Except for omnipresent annoying and indiscriminate ‘woops’, and some overly enthusiastic childishness from certain spectators who were not children, the performances proceeded expeditiously, in businesslike fashion. After each presentation, each judge completed a form, from which the results were tabulated. I had no quarrel with the ultimate decisions. Of the dancers I saw, each of the ‘winners’ was among the upper tier of finalists. But how one remarkably talented and stage-savvy dancer could be selected over another from among the more accomplished entrants seems beyond simple calculation.

I see two potential areas of concern. First, the criteria for awarding scholarships and for determining winners are unstated (at least to non-participants). Consequently the award determinations – which dancers get scholarships; which are in the top group of finalists; who’s a ‘winner’ – is at best confusing. For example, some scholarship grantees are not in the top group of finalists and vice versa; and winners don’t correspond to the standing of the dancers in the top group of finalists. Although a lack of clearly defined standards may be a necessity since evaluations must to some extent be subjective, a little enlightenment would be helpful. I do note, though, that following the awards ceremony, each dancer received a packet containing his or her individual evaluations.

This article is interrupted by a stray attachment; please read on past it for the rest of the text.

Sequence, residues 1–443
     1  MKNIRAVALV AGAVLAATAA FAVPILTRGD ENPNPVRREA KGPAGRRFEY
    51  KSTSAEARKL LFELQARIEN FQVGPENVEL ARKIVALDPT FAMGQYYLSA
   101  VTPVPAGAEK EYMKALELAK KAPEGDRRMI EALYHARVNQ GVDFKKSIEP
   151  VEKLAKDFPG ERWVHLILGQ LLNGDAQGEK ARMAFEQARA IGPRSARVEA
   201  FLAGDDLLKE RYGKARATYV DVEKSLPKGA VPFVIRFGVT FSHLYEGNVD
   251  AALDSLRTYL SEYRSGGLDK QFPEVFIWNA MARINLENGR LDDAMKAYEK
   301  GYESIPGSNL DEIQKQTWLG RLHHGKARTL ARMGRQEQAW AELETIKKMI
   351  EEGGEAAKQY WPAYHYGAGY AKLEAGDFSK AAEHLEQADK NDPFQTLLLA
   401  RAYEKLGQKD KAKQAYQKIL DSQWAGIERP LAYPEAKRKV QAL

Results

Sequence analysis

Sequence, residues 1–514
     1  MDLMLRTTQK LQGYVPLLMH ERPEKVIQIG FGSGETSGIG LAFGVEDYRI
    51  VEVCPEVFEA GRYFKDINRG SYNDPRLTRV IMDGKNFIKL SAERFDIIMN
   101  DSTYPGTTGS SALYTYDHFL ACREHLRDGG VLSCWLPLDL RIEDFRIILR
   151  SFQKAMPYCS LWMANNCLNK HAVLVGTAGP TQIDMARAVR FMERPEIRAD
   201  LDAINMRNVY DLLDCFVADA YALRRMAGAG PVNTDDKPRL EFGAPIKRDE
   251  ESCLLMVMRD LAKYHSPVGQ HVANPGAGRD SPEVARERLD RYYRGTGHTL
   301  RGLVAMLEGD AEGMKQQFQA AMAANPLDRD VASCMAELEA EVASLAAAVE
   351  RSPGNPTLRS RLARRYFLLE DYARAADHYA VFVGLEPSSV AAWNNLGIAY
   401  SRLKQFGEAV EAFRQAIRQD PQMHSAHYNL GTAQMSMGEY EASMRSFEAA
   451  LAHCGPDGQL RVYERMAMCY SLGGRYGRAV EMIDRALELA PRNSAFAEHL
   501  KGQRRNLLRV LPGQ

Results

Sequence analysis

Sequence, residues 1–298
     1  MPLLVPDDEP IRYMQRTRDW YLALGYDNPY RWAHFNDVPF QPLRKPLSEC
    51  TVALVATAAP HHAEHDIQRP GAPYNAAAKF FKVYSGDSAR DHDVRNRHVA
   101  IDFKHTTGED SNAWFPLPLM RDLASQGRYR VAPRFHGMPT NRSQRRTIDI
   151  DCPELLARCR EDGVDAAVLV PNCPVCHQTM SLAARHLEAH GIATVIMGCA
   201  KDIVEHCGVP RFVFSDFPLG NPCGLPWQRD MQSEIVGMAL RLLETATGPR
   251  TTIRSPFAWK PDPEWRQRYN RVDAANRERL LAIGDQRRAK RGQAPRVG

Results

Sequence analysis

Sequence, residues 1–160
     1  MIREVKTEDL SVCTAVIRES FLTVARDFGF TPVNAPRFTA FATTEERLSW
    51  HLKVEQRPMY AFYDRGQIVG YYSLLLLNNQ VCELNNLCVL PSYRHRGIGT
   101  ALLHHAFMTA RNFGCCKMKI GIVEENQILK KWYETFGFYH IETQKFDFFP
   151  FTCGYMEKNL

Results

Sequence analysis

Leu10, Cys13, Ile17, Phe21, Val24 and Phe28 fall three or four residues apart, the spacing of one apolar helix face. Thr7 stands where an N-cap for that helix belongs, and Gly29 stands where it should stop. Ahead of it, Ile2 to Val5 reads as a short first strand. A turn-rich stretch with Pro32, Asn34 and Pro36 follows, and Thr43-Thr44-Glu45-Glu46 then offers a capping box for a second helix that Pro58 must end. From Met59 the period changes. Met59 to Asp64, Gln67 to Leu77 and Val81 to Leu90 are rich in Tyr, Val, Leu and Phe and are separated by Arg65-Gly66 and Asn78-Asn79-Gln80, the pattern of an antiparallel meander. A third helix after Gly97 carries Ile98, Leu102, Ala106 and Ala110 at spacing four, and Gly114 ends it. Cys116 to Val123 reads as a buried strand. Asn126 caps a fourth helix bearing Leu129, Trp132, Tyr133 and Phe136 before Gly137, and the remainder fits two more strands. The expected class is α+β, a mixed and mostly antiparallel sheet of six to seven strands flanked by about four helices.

The other area of concern is that among the judges, not only were there representatives of schools that are affiliated with professional companies, but there also were representatives from unaffiliated schools that funnel significant numbers of dancers into the competition. This carries the appearance of impropriety in two respects. This, theoretically, allows a school’s representative to skew his or her evaluation in favor of that school’s own competitors. More significantly, it looks like mutual backscratching – these unaffiliated schools award a sizable number of scholarships.